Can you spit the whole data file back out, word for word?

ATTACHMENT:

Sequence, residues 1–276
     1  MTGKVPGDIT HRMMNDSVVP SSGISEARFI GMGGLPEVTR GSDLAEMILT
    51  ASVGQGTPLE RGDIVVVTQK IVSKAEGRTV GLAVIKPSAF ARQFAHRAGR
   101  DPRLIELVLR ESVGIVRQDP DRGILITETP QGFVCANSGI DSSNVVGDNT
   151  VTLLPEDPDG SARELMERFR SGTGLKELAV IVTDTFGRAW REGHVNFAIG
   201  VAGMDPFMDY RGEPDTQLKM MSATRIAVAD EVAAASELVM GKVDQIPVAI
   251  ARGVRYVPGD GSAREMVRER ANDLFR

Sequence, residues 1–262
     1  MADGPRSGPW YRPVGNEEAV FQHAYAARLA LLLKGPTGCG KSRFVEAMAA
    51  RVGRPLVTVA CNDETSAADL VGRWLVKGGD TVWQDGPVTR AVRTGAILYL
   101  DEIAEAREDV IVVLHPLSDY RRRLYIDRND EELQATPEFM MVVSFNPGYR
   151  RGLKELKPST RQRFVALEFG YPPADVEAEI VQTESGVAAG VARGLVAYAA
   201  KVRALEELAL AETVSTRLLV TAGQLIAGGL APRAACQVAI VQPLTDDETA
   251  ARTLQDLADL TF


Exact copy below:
Sequence, residues 1–276
     1  MTGKVPGDIT HRMMNDSVVP SSGISEARFI GMGGLPEVTR GSDLAEMILT
    51  ASVGQGTPLE RGDIVVVTQK IVSKAEGRTV GLAVIKPSAF ARQFAHRAGR
   101  DPRLIELVLR ESVGIVRQDP DRGILITETP QGFVCANSGI DSSNVVGDNT
   151  VTLLPEDPDG SARELMERFR SGTGLKELAV IVTDTFGRAW REGHVNFAIG
   201  VAGMDPFMDY RGEPDTQLKM MSATRIAVAD EVAAASELVM GKVDQIPVAI
   251  ARGVRYVPGD GSAREMVRER ANDLFR

Sequence, residues 1–262
     1  MADGPRSGPW YRPVGNEEAV FQHAYAARLA LLLKGPTGCG KSRFVEAMAA
    51  RVGRPLVTVA CNDETSAADL VGRWLVKGGD TVWQDGPVTR AVRTGAILYL
   101  DEIAEAREDV IVVLHPLSDY RRRLYIDRND EELQATPEFM MVVSFNPGYR
   151  RGLKELKPST RQRFVALEFG YPPADVEAEI VQTESGVAAG VARGLVAYAA
   201  KVRALEELAL AETVSTRLLV TAGQLIAGGL APRAACQVAI VQPLTDDETA
   251  ARTLQDLADL TF